Donald Trump Gives Hope to Angry People in Tyngsborough

The real estate tycoon is the new grievance politician for the "silent majority."

Donald Trump at Tyngsborough Elementary School Photo by Garrett Quinn

Donald Trump at Tyngsborough Elementary School Photo by Garrett Quinn

They came by the thousands to Tyngsborough Elementary School to see the billionaire real estate developer turned Republican presidential candidate.

They stood in a meticulously organized crowd control area, waiting to be herded into a gymnasium and overflow rooms to see Donald Trump put on a show that gave voice to their angers, fears, and most importantly, their hopes.

Many in the chattering classes cheekishly mock Trump’s “Make America Great Again!” campaign slogan but to the people packed inside this elementary school gymnasium, it’s no joke. The dozens of people wearing Trump’s now iconic red hat are not ironic Somerville hipsters, they’re deeply worried working class people from outside Route 128 who genuinely believe the slogan embroidered on their heads. Their concerns about the state of the nation makes what Trump says and, more importantly, how he says it, the Tylenol to their anger induced headache.

Trump supporters told Boston with deep sincerity they believe President Trump will “Make America Great Again!” and save the country. Trump taps into a deep sense of nostalgia held by many of the Tyngsborough rally attendees. They express a form of grievance politics commonly found in forwarded chain emails you receive from an older relative. They yearn, misty eyed, for the “good ‘ol days” of the 1980s and 1990s when, they say, America was strong and our political leaders had backbone. One attendee who declined to give her name suggested the political class in America has grown out of touch with the needs of everyday working people in a Hunger Games like fashion where everything flows to the Beltway.

“He’s not a politician. He’s authentic, real,” said Todd Bried, 45, of Revere.

Bried, joined by two friends, including Lola Chadwick, 42, of Nashua, New Hampshire, said they plan on voting for Trump because “he says it the way it is.

“He does not back down if someone goes after him,” said Chadwick.

Trump’s brashness and total rejection of political correctness endears him even more to the disaffected “silent majority” in attendance in Tyngsborough.

“I love that he says want he wants to say. He’s like one of us, he’s real,” said Susan Mooney, 62, of Brighton.

Trump’s “backbone” was on full display last night during his hour long speech that bordered sometimes between an unnecessarily long improv stand up routine, a Rush Limbaugh rant about the liberal media, and an early 90s Ross Perot anti-NAFTA seminar. Oh, and by the way, Perot won Tyngsborough by six votes in 1992.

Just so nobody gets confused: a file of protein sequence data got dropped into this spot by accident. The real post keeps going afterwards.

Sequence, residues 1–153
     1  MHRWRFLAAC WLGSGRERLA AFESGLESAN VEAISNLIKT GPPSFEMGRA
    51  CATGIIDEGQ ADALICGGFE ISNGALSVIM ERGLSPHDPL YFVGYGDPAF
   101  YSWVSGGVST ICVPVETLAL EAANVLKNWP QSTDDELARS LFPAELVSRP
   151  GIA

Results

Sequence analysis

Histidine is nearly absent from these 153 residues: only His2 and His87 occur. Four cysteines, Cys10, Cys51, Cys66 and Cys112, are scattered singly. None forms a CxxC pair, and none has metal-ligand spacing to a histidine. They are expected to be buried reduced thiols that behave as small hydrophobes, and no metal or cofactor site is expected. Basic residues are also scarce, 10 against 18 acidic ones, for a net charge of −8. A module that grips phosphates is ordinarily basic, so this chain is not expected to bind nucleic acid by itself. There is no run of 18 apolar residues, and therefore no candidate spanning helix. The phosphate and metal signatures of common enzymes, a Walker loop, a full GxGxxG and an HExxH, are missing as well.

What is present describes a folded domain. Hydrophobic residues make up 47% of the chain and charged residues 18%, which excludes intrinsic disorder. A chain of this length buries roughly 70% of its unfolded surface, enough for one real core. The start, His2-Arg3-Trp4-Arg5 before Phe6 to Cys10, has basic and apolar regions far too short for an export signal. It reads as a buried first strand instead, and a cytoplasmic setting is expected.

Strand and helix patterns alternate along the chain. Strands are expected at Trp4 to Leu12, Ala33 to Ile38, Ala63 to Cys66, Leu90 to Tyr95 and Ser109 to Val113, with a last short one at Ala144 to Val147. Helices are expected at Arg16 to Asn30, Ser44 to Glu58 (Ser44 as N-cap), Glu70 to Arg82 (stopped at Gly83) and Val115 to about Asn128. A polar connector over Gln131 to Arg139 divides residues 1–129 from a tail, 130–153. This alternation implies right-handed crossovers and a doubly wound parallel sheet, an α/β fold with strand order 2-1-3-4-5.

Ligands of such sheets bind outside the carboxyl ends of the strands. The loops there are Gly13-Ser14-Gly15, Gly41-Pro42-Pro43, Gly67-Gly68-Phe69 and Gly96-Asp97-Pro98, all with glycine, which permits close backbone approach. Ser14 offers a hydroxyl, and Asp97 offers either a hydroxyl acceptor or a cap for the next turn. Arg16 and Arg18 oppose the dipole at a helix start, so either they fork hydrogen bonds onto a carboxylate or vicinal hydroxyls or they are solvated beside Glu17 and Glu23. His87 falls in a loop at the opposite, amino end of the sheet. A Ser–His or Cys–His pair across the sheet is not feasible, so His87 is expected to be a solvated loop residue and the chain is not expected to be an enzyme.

Near the end of his meandering stemwinder, Trump blasted the media one last time and pointed at the press riser where two-dozen media members were gathered.

“You’re dishonest! You’re bad people!”

Trump then proceeded to goad his adoring crowd into joining him and mocking the press.


All of this made for great grievance politics masquerading as entertainment but behind the scenes of the the made-for-television spectacle, a real authentic campaign and political movement is growing.

It may not have perfectly formed edges or ideology, but roughly defined outrage at the status quo is a great unifier. Everyone in attendance had to register online and provide very crucial contact information to the campaign. Upon arrival they checked in with an army of campaign volunteers and met with other potential Trump voters, many political neophytes. Upon their departure, nobody appeared to leave empty handed as hundreds of people carried signs, bumper stickers, and other Trump campaign swag.

There is a method to the madness of Trump’s bombastic rally model because it has allowed him to quietly build a database of potential voters and volunteers in crucial early primary states. It will only be a matter of time now before his campaign reaches out to the rally’s attendees and asks them to make phone calls for him.

The Trump phenomenon appeared at first to be a traveling political reality show that was destined to fly off the side of the road and crash to earth in a magical ball of fire but something real is happening now. This is no longer just a gathering of angry people listening to some man shout for an hour about how immigrants are taking their jobs and free trade has destroyed the American economy.

Trump and the angry people backing him are no joke, they’re real.